ENNIS, Texas -- Little Landon is usually all smiles. He likes to laugh at his big brother John and play with his toys.
He even giggled his way through family vacation at Turner Falls in Oklahoma this month.
The two-year-old stopped laughing when he got sick three days after the family returned home to Ennis.
“He’s got fever. He’s vomiting, you know diarrhea, was the main thing,” recalled his mom, Lindsey Montgomery. “He was just lying there. He was very lethargic. He was just not himself. He was pale, dehydrated. He hadn’t eaten in days.”
After nearly a week, and multiple trips to the doctor, Landon was getting worse.
Test results finally revealed it was more than just a stomach virus. It was E. coli.
“I stayed really hopeful,” Lindsey said. “But, at the same time, in the back if your mind, you’re just completely terrified.”
Lindsey and her husband, John, rushed to Children’s Medical Center of Dallas. The tough tyke had failing kidneys, and internal bleeding. He needed a blood transfusion and dialysis. He couldn’t breathe on his own.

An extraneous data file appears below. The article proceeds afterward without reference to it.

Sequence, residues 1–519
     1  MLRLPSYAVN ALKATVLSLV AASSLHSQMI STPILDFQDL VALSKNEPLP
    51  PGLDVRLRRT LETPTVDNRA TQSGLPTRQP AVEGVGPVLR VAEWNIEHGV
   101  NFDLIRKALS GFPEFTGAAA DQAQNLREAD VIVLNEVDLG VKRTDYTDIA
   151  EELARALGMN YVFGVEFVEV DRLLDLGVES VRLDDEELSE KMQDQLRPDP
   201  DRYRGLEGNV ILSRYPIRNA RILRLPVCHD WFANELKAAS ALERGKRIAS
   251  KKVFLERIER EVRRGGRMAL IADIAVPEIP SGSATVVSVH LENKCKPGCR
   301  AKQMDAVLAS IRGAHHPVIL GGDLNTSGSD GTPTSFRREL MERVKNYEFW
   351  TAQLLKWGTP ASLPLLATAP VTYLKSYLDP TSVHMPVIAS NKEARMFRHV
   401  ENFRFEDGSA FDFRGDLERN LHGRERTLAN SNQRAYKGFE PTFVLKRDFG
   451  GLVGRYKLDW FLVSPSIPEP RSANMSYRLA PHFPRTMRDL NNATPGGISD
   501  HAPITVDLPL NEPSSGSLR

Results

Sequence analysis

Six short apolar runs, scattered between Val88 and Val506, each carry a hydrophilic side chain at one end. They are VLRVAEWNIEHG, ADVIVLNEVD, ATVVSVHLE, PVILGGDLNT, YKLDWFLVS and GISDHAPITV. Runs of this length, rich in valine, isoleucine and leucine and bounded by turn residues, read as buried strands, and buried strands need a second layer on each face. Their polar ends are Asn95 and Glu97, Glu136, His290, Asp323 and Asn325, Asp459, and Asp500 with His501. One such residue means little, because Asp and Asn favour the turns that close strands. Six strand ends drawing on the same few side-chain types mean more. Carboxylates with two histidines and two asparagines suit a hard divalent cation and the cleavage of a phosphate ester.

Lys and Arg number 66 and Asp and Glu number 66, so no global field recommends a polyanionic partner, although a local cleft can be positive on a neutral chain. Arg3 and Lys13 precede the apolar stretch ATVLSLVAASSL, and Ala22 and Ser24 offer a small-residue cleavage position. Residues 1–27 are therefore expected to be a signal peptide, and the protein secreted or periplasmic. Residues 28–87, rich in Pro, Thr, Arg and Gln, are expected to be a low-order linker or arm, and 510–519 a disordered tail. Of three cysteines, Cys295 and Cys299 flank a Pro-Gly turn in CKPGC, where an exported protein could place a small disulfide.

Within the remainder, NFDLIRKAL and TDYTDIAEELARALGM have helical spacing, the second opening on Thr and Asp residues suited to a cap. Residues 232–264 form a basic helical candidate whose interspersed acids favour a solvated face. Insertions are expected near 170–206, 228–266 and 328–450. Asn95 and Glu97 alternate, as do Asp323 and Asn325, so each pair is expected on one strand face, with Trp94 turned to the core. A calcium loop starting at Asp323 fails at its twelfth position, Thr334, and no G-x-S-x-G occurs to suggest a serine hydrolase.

“It’s almost like it was a dream going through that,” she said. “It’s like I woke up from a nightmare.”
E. coli causes food-borne illnesses. The bacteria are sometimes found in the intestines of animals like cattle.
There are many types of E. coli, most of them are harmless. But some strains can be deadly, especially for young children, like Landon, whose immune systems are still developing.
According to the CDC, an estimated 100,000 illnesses, 3,000 hospitalizations, and 90 deaths are caused by E. coli bacteria each year across the United States.
After two long weeks, Landon came home on Sunday. It’s unknown exactly where Landon picked up E. coli. The family said they may never know where it came from.
“My son could have died, you know, if I would never have taken action, gone to the emergency room,” Lindsey said. “He would have died, and I would have had no idea what happened.”
The family was overwhelmed by the generosity of strangers and loved ones who helped contribute to a GoFundMe campaign set up to help cover expenses.
Landon still has several doctor visits ahead of him, and his blood pressure must be meticulously monitored until he’s completely out of the woods.
Still, there’s no place like home.